Bone disease in post-transplant patients

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Purpose of review

Mineral and bone disorders are common problems in organ transplant recipients. Successful transplantation solves many aspects of abnormal mineral and bone metabolism, but the degree of improvement is frequently incomplete. Posttransplant bone disease can affect long-term outcomes as well as increase the likelihood of fracture. In this article, we reviewed the major posttransplant bone diseases and recent advances in treatment strategies.

Recent findings

Pretransplant bone disease and immunosuppressants are important risk factors for posttransplant bone disease. Corticosteroid withdrawal may result in minimal or no protection against fractures, with increased risk for acute rejection. Vitamin D analogue and bisphosphonate are frequently used to prevent and treat posttransplant osteoporosis. Posttransplant hyperparathyroidism increases the risk for all-cause mortality and graft loss, but not major cardiovascular events. Cinacalcet was well tolerated and effectively controlled hypercalcemic hyperparathyroidism; however, it did not improve bone mineral density and discontinuation led to parathyroid hormone rebound. Six-month paricalcitol supplementation reduced parathyroid hormone levels and attenuated bone remodeling and mineral loss in case of posttransplant hyperparathyroidism.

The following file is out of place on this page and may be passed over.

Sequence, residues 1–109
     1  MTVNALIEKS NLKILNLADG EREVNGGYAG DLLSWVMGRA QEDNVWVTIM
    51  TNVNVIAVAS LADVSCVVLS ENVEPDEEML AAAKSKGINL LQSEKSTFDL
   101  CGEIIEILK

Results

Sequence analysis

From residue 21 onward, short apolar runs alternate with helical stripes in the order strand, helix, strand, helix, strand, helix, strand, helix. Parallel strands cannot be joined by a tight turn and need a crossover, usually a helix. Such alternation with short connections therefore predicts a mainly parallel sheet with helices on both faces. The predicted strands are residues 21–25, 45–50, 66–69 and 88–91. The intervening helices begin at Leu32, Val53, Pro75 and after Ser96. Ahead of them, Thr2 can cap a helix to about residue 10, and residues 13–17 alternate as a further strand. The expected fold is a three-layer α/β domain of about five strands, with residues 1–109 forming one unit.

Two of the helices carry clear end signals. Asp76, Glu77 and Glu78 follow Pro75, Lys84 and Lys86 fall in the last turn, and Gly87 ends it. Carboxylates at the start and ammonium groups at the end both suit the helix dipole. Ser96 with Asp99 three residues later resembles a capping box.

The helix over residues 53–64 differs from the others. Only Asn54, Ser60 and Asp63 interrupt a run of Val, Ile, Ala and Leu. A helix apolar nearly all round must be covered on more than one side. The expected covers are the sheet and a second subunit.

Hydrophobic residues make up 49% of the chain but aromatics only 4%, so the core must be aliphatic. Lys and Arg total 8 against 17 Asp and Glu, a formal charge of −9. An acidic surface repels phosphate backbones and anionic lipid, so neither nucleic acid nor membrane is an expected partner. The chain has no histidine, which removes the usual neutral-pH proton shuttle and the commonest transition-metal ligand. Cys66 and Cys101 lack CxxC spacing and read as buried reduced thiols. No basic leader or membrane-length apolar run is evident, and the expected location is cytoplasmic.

Posttransplant bone diseases present in various forms, including osteoporosis, hyperparathyroidism, adynamic bone disease, and osteonecrosis. Prophylactic and therapeutic approaches to both pretransplant and posttransplant periods should be considered.

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